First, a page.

December. "The Spy," by James Fenimore Cooper, appeared in this month This was Cooper's second work, the first being a somewhat conventional and crude representation of English society. But in "The Spy" Cooper took up new ground, laying his scene in his own country and among the events of the Revolution. This resulted in the beginning of his great popular success (not yet wholly abated), and really in the beginning also of fictitious literature in America. Properly to understand the exceeding interest which "The Spy" excited at the time of its production, modern readers must remember that the close of the Revolutionary War was then little further removed than is now the beginning of the late War of the Rebellion. Much speculation was indulged concerning the original of the character of Harvey Birch, the patriotic spy. Captain H. L. Barnum wrote a volume entitled, "The Spy Unmasked" (J. & J. Harper, 1828; reprinted by the Fishkill Weekly Times, 1886), dedicated to Cooper, in which Birch was identified with Enoch Crosby, a resident of the present Putnam County, on the border of Westchester-the "neutral ground" of the Revolution. In consequence of this, Crosby was warmly received on his appearance in some public places in New York, and acknowledged these attentions in a letter published in the Journal of Commerce of December 27, 1827. Crosby died June 26, 1835, in his eighty­sixth year. It must be added that Cooper, in the preface to an edition of "The Spy" published in 1849, referred to " several accounts of different persons who are supposed to have been in the author's mind" as the original of Harvey Birch, and declared that he never knew the identity of the person by him reproduced under that character, although some of the chief incidents connected with the character in the tale were undoubtedly historic.

So well was "The Spy" received that it was soon followed by others; notably, "The Pioneer" and others of the "Leather Stocking" series. When the "Red Rover" appeared, I succeeded, on a Saturday evening, in obtaining a copy at the circulating library I patronized, and when the church bells on the following morning rang for nine o'clock, as they did at that time, I had just finished the last volume.

1822. Franklin Market, at the foot of William Street (Old Slip), was erected and opened.

Hogs were permitted still to run at large in the streets, although the practice was objected to by most of the citizens, and the frequent mortifying references thereto of Boston and Philadelphia editors added to the opposition; yet the common opinion that the hogs were the best scavengers supported, for many years after, the indifference to the practice shown by the Common Council. In support of this inaction it is to be considered that at this period all garbage and refuse matter from dwellings was thrown into the street. Some years after (1825), an ordinance of the Common Council authorized the furnishing and equipment of a cart and operators to arrest swine in the streets. The advent of the cart and the endeavor to arrest the swine were attended with such forcible opposition by men and boys that the ordinance necessarily became a dead letter, until the amour propre of our citizens, despite the unpopularity of the cart, was aroused, the enormity of the practice was realized, and swine were removed from the streets.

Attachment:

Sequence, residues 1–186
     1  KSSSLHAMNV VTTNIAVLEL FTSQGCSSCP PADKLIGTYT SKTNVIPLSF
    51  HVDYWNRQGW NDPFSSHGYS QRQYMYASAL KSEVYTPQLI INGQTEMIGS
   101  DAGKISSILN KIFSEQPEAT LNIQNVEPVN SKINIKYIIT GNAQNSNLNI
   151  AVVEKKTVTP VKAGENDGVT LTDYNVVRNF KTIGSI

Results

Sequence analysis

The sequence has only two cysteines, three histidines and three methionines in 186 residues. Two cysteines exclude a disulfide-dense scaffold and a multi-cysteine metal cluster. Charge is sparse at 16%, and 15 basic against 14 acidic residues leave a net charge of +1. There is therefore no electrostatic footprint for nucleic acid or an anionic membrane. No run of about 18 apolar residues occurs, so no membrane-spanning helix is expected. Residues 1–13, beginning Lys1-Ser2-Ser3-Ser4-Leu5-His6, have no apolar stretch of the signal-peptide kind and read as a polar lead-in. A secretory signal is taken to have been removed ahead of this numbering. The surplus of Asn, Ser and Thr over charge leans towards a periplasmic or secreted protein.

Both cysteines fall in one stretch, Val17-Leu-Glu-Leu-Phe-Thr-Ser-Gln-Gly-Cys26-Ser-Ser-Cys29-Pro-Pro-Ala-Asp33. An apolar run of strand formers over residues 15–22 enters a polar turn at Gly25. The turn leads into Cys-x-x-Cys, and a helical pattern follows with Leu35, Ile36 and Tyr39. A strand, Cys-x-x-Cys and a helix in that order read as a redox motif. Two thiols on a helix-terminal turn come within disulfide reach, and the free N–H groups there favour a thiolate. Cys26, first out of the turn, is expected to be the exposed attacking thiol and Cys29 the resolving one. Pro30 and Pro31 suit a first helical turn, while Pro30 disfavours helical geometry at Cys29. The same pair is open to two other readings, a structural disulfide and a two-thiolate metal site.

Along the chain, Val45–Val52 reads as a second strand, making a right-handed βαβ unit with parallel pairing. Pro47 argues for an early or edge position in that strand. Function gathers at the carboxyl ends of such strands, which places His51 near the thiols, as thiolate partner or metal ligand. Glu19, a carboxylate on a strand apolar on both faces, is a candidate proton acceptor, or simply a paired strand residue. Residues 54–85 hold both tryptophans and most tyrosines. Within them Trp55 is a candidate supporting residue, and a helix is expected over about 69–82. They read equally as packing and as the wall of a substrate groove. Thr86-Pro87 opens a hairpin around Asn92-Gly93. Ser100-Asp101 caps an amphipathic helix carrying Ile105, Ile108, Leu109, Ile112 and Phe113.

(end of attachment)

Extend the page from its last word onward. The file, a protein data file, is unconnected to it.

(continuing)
Piracy in the West Indies still continued, and our Navy was taxed to fit and equip a sufficient number of small cruisers to suppress it. In this service the late Commodore Lawrence Kearney, then a lieutenant, distinguished himself, having captured 17 piratical vessels and 220 men.

In February the merchants of the city convened for .the purpose of asking for a floating light off Sandy Hook, also for the formation of an association to construct a Merchants' Exchange.

In March a line of sailing vessels was established hence to Charleston.

April 22 the packet ship Albion hence to Liverpool was lost off Tuskar Island, with her captain, Williams and forty­four others, being the greater part of her passengers and crew. As this was the first disaster of the kind, and as the population of the city was small, the occurrence was a leading topic of conversation among all classes, and a subject of natural reference for some years afterward. I add here that the packet ship Liverpool, Captain William Lee, Jr., hence to Liverpool, was lost in the ice on July 25 of this year, on her first voyage. The loss of life occasioned by the stranding of the AIbion led many persons to design life­preservers, the first that was submitted to the public being en adaptation of an ordinary mattress, patented by a vender of beds and bedding, a Mr. Jackson in Pearl Street, who was long and well known as "Moccasin" Jackson, an eccentric character. He it was who first took a trotting horse to England from this part of the country. Mr. Stackpole of Boston had taken his horse, "Boston Blue," as early as 1818.